Haus des Meeres in Wien

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The Haus des Meeres (HdM, English: House of the Sea) is a public aquarium in Vienna, Austria. It is located in Esterhazy Park in downtown Mariahilf district, one block south of the busy Mariahilfer Straße. The Haus des Meeres houses over ten thousand aquatic beings on an area of around four thousand square meters inside a tall concrete flak tower built during World War II. In 2009 the Haus des Meeres attracted a record high of 353,000 thousand visitors, reaching number ten in the list of tourist attractions in Vienna in a year when other venues lost visitors in the wake of the global financial crisis. The Haus des Meeres is managed by Aqua Terra Zoo, a private non-profit organization which, according to its web site, receives only marginal financial support from municipal authorities. However, the maintenance costs for the former flak tower are paid by the taxpayer. After two years of experimenting with small seawater tanks Jäger built a large aquarium for public display. He described the feelings of contemporary people who faced the unknown submarine world: "The first-time visitor ... cannot contain his inner excitement. His curiosity is so great that he can hardly enjoy the moment: I am sorry, but he looks so helpless, as if he has suddenly found himself among people whose language he neither speaks nor understands." Visitors sought new experience, but resisted believing what they saw behind the glass. The aquarium was a financial loss, and Jäger had to close it after four years of operation. The subordinate gun battery tower is located inside a city block north of Marihilfer Straße. The two towers operated as a single combat unit, in cooperation with two other pairs of flak towers built in Augarten (north) and in Arenberg Park (south-east). After the war the tower in Esterhazy Park was temporarily used as a hotel with 38 rooms in a bunker, and then converted to a fire station.

History

The community of volunteers moved into the flak tower in November 1957. The ground floor and the bunkers were then occupied by the firefighters, which left only one and half habitable floors for the exhibition. The rest of the tower was filled with rubbish and open to the elements. Step by step, the aquarium conquered the empty shaft by building one floor after another. Eventually, when the aquarium expanded to six floors, the firefighters left the buildings, and the aquarium staff was at last allowed to clear the basement of war relics. The tenth floor, which recreates a flak turm control vault, houses World War Two exhibits and is open only on weekends, with advance registration of visitors. The expansion had a side effect: the City of Vienna struck the "defaced" tower off the list of protected landmarks but enforced preservation of Weiner's billboard.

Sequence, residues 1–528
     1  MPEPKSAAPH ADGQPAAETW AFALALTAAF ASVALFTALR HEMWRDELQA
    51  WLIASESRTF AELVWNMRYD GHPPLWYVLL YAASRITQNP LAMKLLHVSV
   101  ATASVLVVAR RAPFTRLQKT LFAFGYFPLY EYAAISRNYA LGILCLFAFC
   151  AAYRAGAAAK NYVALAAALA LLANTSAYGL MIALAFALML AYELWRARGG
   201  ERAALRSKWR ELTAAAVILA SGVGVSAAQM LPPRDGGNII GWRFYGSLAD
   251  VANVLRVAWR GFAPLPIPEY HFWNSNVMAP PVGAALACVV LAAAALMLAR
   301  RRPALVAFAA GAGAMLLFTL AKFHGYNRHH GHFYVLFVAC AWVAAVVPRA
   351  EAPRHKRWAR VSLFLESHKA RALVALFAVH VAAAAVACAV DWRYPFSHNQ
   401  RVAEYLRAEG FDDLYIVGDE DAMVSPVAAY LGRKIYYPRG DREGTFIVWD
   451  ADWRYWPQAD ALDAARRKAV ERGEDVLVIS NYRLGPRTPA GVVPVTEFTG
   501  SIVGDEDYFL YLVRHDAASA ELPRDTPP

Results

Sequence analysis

In 2007 the Haus des Meeres installed its largest, 300,000 liter tank for sharks. On May 7 the aquarium moved six adult blacktip sharks, properly sedated, to the new tank. All sharks quietly died in a few hours after awakening. Autopsy revealed fatal internal bleeding which was blamed on stress (after the accident other zoos confirmed that blacktip sharks are, indeed, prone to stress injury). The four replacement sharks of the same species that were delivered next month survived without lasting effects. The gravel lining the bottom of the tank was recycled from World War Two concrete which was torn down during the expansion. It is visible on the 55 euro cent commemorative stamp 50 Jahre "Haus des Meeres" issued by the Austrian Post in 2007.

The global financial crisis caused an abrupt drop in visitor numbers of Viennese art museums. The Haus des Meeres, on the contrary, steadily attracted more visitors every year: 258 thousand in 2007, 336 thousand in 2008, 353 thousand in 2009. In 2009 it rose to number ten in the list of Vienna's tourist attractions ranked by ticket sales, but had to choose a less radical solution. The six million Euro expansion project, scheduled for 2011, will add a million-liter fish tank and an open-air restaurant. The city officials are willing to consider the sale of the building to the Haus des Meeres, on condition that the new owner preserves Weiner's artwork and picks up the maintenance bill from the taxpayers.

See also

  • Jardin d'Acclimatation, a French zoo with seawater aquarium, opened in the same year as Gustav Jäger's aquarium.

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Source en.wikipedia.org/wiki/Haus_des_Meeres